ees 2019
20 May 2018 2018 09:15 AM GMT

EV, Renewables See CO2 Emissions Plateau By 2030, But Far From 2 Degree Pathway

McKinsey Energy Insights (MEI), the data and analytics specialist that provides distinctive insight and support to the global energy industry, has released the 2018 Reference Case of its Global Energy Perspective (GEP) on long-term global energy demand. Major shifts in the global energy landscape, particularly related to electric vehicles (EVs) and renewable energy sources, mean that MEI expects global CO₂ emissions to plateau by 2030. However, increased global energy demand means emissions will remain at more than double the level required for a 2 degrees Celsius warming pathway.

MEI forecasts that by 2030 every fifth car sold globally will be electric and not just in early adopter markets. Sales of EVs will rise from 3% in 2020 to 20% by 2030, however, the growth in light-duty electric trucks is expected to be slower, growing from 1% to 12% in the same period.

Renewables are expected to take almost all the growth in global power generation through to 2050. MEI expects that in the next 5-10 years it will become more economic to build renewable capacity than operate existing gas- or coal-fired power plants in most markets. This will trigger further declines in the utilization rates of fossil-fueled plants, with solar and wind growing 5-10 times faster than gas. Overall, the additional global net capacity of power generation to 2050 will be 80% renewables, with China and India contributing more than 50%.

However, despite major growth in the EV market and the increasing dominance of renewables, a rising population and increasing wealth in non-OECD countries will drive significant energy demand growth, offsetting CO₂emission reductions elsewhere.

Ole Rolser, Associate Partner and Solution Leader at MEI, comments: “Despite the significant momentum around EVs and renewable energy sources taking an increasing share of the power market, energy-related emissions remain flat from 2030 to 2050. As developing countries continue to rely heavily on cheap coal, non-OECD energy demand will replace the efficiency gains made by OECD countries. To realize the 2 degrees pathway scenario, we’d have to see much broader, much more disruptive change than what we’re seeing now.”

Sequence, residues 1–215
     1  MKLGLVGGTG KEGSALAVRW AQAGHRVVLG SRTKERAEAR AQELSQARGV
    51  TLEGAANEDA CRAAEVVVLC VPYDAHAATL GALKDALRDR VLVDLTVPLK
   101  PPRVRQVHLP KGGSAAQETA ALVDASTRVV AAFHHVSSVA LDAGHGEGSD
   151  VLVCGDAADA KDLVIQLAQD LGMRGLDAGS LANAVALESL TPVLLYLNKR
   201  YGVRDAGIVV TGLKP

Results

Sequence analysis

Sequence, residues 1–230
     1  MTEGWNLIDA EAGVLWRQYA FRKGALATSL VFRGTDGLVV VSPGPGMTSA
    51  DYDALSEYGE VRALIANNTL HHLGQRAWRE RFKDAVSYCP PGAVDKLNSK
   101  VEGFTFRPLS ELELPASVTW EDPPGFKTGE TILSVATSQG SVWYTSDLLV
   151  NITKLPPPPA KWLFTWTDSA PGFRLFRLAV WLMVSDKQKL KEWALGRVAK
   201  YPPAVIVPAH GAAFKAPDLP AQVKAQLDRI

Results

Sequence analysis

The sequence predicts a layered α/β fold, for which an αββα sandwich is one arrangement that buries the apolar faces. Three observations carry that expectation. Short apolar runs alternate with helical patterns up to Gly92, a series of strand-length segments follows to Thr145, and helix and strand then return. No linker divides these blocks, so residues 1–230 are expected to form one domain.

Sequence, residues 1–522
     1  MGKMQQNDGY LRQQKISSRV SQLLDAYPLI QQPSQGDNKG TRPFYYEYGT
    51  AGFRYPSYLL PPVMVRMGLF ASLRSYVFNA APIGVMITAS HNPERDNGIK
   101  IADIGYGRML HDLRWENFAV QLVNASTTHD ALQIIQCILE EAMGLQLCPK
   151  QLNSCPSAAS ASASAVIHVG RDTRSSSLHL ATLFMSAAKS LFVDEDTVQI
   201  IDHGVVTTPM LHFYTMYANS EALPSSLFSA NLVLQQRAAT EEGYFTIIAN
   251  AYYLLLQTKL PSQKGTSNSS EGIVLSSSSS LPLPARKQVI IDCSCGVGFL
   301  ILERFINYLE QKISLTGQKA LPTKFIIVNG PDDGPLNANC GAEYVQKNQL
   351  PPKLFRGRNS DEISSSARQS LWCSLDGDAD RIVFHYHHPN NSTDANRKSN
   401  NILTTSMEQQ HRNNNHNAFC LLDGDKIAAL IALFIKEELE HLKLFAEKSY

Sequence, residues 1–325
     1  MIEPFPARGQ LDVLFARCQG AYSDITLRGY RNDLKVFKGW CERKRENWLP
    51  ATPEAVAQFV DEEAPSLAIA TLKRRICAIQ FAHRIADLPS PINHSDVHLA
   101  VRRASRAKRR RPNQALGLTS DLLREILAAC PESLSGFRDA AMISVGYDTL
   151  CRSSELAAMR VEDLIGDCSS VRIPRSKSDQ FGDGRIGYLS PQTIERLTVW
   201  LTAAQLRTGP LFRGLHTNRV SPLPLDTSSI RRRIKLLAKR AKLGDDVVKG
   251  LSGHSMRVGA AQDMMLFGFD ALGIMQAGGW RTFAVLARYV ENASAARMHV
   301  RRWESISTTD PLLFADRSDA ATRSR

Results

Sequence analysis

GEP was developed by MEI supported by McKinsey and energy experts globally and across industries. It delivers long-term projections on how the energy transition will unfold to 2050 across 145 countries, 28 sectors, and 57 energy types.

McKinsey Energy Insights, a specialist analytics unit within McKinsey, provides distinctive analysis, insights, and support to energy players. MEI’s dedicated specialists apply proprietary tools and methodologies and a data-driven approach. With its strong ties with McKinsey’s oil and gas consulting practice and collaborations with the wider McKinsey network, its research and analysis yield knowledge available nowhere else.

They have over 100 dedicated specialists, across London, Houston, Singapore, Amsterdam, and Wroclaw and an extended network, as part of McKinsey & Company, of over 500 energy specialists, in 105 offices across the globe. Focused on integrating market insight with analytics, MEI combines McKinsey’s industry knowledge and expertise with rigorous analytics delivered in market outlooks and cloud-based analytics software, bespoke scenario planning, and performance improvement programs.

February 28th 2019
Corporate Sourcing of Renewables Growing, Taking Place in 75 Countries

Companies in 75 countries actively sourced 465 terawatt hours (TWh) of renewable energy in 2017, an amount close to the overall electricity demand of France, according to the report from the International Renewable Energy Agency (IRENA). With the continued decline in the costs of renewables, the report suggests, corporate demand will continue to increase as companies seek to reduce electricity bills, hedge against future price spikes and address sustainability concerns.

February 27th 2019
Battery Boom: Wind And Solar Can Generate Half Of Worldwide Electricity By 2050

Coal is to shrink to just 11% of global electricity generation by mid-century, from 38% now, as costs shift heavily in favour of wind, solar and batteries. Wind and solar are set to surge to almost “50 by 50” – 50% of world generation by 2050 due to reductions in cost. “Cheap battery storage means that it becomes increasingly possible to finesse the delivery of electricity from wind and solar so that these technologies can help meet demand even when the wind isn’t blowing and the sun isn’t shining. The result will be renewables eating up more and more of the existing market for coal, gas and nuclear.”

February 27th 2019
Arsenal Unveil Battery Storage System: First Of Its Kind At A UK Football Club

Arsenal Football Club has unveiled a battery storage system (BSS) to store enough energy to run the 60,000 seater Emirates Stadium from kick-off to full time. It follows a unique collaboration with Pivot Power to install a 2MW/2.5MWh lithium ion BSS, with funds managed by Downing LLP. The project, the first of its kind in the UK, will also save club money as it works to support low-carbon plans. The BSS allows Arsenal to avoid peak power prices, buying electricity when it is cheap and storing it for use when prices are high. Typically, energy can cost three times more at peak times than overnight. The installation maintains Arsenal as the leader in sustainability in sport following its commitment to clean energy with Octopus Energy in 2016.

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